Over the past two years, I’ve learned that anxiety looks different for everyone. For some people, it’s constantly hyperventilating, crying, freaking out, etc. For other’s it’s silently, slowly dying from the inside out while maintaining a picture perfect hustle. That’s what it feels like anyway. One of my favorites (who you’ll hear me talk about all the time) is the great @Jengotch. She is the founder and creative director at @shopbando. Jen is very open about her mental health, which has personally helped and inspired me in more ways than I can count. She is my best friend in my head, but my best friend nonetheless. In one of her recent Instagram posts, she shared a very interesting analogy that a friend shared with her regarding depression/anxiety.
That really hit home for me, because these “feelings,” these experiences and emotions aren’t something you casually ask the universe for. I mean, I find it hard to believe that there are people out there who think “gosh, today and every day for the next lifetime I want to feel totally and absolutely psychotic.” It’s just not a thing to be desired because it is painful, draining and overall consuming. There have been days, few and far between where it has actually taken me hours to get out of bed. All I can do is think about the thousands of things that I have to do that day. All I can feel is guilt for something that I cannot control. You literally feel like a garbage human for something that you cannot immediately change. You feel like trash for not being able to have a text conversation with a person who you want to speak to. You have no problem with this human. You just can’t bring yourself to press keys on a screen. You cannot engage.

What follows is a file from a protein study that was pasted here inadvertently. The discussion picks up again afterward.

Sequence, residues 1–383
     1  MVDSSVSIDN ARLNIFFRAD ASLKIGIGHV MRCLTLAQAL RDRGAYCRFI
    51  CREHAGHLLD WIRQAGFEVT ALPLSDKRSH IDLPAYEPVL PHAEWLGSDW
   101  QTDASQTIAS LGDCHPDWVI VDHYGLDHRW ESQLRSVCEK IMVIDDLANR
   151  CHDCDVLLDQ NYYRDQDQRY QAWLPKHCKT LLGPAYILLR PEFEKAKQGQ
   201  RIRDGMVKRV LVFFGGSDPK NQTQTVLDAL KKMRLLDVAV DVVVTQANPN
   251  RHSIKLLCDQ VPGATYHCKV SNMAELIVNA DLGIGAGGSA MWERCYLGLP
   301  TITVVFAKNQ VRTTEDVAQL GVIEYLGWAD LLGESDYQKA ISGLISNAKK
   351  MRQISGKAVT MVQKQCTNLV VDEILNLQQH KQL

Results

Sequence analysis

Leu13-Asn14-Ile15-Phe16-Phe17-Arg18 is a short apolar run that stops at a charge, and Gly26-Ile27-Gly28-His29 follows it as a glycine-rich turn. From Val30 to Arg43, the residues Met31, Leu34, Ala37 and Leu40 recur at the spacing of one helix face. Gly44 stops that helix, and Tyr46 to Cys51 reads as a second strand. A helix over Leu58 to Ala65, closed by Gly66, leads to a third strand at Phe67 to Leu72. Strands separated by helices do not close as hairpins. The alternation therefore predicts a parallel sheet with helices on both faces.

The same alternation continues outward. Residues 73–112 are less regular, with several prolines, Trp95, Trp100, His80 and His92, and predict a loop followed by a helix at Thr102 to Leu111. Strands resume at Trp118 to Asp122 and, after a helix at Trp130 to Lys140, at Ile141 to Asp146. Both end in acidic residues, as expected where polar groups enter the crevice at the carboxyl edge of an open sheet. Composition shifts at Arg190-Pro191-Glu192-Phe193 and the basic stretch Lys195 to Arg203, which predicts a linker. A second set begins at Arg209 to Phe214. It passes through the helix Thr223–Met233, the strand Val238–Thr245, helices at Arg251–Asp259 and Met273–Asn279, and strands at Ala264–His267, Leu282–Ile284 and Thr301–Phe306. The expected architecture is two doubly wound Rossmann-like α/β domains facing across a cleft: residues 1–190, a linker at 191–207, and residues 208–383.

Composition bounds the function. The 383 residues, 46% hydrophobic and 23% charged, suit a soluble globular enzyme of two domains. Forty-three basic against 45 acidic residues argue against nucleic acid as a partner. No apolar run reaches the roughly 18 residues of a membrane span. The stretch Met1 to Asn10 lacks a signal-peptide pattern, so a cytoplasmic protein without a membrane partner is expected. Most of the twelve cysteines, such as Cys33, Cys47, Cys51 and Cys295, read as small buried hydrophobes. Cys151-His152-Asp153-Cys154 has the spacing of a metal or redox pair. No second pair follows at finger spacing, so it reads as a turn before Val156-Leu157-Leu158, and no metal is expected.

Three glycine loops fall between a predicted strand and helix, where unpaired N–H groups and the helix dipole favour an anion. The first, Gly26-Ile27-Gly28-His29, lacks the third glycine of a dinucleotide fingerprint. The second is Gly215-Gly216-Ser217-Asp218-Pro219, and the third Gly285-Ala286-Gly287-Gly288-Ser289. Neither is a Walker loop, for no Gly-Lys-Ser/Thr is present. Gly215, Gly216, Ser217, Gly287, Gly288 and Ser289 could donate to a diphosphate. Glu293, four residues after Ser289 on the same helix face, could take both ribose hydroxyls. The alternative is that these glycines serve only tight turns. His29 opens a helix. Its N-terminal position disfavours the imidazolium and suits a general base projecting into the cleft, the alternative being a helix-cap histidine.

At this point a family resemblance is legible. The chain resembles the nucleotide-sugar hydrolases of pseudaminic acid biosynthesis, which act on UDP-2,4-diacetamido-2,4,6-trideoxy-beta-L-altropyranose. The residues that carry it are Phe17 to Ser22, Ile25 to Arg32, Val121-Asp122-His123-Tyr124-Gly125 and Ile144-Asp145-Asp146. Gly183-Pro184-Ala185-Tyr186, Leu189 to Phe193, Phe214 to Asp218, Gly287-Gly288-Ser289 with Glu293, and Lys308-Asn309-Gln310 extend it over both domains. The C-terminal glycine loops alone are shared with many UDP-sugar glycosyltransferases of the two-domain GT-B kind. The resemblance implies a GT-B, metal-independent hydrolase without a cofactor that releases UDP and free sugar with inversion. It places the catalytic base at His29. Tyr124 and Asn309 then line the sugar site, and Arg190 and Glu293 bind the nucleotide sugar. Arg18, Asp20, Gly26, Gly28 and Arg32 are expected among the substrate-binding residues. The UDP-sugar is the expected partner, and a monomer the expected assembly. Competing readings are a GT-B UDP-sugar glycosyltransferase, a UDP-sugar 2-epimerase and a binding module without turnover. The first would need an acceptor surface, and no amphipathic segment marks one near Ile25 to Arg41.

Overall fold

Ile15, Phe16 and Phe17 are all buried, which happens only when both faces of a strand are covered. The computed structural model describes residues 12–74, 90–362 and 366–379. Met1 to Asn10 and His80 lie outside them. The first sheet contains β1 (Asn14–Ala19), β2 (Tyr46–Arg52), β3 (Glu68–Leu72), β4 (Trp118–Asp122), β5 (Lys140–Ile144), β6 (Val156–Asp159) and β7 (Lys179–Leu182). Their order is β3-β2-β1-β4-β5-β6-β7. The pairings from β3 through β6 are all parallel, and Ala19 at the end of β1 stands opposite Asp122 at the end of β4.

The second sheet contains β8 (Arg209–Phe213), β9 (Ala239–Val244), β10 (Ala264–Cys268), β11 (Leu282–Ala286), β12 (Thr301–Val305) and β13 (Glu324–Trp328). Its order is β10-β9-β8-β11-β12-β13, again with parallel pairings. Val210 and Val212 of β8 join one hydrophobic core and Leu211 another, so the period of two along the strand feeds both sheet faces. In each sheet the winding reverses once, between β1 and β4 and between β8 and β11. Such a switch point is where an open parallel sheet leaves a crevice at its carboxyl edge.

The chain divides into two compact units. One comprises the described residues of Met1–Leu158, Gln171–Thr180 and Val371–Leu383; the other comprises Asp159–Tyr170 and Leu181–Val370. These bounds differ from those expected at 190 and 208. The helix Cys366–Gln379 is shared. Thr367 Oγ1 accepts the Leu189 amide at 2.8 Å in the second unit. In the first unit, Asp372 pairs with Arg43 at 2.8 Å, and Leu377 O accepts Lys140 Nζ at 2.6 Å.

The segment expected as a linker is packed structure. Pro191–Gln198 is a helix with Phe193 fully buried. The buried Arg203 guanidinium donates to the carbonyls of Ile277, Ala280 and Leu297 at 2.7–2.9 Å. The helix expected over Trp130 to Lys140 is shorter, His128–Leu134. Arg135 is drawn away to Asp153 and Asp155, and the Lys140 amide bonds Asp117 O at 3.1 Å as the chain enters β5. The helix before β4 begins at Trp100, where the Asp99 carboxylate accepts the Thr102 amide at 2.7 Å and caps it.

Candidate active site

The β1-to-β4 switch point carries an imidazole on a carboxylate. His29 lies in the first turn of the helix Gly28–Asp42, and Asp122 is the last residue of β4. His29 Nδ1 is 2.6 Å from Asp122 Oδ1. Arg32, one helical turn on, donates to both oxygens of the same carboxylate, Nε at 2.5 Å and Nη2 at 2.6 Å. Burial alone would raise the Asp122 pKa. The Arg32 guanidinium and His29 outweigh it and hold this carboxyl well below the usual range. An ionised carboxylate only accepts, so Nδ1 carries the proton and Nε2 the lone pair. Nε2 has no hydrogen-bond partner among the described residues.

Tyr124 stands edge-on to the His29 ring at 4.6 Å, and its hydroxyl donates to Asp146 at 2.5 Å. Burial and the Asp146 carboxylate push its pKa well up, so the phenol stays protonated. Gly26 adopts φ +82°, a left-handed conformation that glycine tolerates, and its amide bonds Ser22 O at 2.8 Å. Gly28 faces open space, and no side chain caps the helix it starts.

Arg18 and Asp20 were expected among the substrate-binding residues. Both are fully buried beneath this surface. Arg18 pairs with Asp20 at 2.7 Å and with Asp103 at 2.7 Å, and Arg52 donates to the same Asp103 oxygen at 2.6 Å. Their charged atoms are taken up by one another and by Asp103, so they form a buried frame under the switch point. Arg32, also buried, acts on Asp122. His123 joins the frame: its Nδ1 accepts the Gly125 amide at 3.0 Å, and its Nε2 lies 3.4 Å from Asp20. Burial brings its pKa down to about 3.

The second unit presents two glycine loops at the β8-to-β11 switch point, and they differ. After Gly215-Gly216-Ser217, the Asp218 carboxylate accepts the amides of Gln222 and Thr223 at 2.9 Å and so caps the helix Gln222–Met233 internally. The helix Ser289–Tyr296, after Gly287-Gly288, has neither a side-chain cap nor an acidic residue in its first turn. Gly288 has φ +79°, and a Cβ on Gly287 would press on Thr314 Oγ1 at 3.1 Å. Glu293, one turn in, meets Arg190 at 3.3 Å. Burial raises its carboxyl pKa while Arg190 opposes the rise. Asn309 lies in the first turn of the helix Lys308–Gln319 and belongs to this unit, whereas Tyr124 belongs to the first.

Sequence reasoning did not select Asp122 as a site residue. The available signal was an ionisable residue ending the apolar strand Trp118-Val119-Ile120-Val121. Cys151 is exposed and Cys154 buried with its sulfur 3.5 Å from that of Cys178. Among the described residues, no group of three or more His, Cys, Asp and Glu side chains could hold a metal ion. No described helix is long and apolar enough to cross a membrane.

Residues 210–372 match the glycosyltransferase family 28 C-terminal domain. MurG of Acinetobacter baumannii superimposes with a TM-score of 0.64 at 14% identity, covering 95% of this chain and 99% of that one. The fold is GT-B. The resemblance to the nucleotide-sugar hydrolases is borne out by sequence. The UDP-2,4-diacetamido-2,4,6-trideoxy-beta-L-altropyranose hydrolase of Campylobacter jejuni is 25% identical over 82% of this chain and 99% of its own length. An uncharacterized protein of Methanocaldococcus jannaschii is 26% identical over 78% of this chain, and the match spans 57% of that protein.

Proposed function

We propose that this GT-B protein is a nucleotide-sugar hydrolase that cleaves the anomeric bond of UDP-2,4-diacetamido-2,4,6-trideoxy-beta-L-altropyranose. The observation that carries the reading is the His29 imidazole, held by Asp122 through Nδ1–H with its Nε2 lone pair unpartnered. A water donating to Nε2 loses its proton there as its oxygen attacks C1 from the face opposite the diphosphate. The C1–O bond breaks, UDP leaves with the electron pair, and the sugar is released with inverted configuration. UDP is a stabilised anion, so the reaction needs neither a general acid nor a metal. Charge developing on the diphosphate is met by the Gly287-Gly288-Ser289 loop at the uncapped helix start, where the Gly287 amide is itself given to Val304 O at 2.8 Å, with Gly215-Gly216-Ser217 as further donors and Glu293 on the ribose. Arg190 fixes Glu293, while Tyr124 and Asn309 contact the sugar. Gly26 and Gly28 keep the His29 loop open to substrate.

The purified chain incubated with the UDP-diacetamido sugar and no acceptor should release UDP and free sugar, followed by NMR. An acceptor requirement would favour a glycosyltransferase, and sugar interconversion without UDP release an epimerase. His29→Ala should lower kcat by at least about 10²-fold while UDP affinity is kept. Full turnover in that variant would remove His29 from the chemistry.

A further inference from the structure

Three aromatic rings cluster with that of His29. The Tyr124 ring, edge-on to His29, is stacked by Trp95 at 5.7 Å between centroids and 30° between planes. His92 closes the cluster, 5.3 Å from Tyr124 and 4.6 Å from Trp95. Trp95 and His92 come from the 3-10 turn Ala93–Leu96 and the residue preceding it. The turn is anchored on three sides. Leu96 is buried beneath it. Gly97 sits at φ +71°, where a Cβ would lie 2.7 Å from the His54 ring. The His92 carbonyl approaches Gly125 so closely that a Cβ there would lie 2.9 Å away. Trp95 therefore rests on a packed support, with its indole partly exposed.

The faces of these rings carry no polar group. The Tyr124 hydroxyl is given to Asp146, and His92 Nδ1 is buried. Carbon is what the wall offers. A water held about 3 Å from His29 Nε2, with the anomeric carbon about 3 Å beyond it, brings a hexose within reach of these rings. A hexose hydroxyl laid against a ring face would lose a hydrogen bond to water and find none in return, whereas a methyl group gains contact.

All of this has been so hard for me to understand. I grew up in a family and culture where these feelings aren’t real. They aren’t spoken about because if you even mention some of the things I described above, you’re crazy or they’re just demons you can pray away. You can’t take medicine for it because too much Midol on your period will fry your brain, so why would you even think about taking something to help you function like a normal, semi-okayish human being?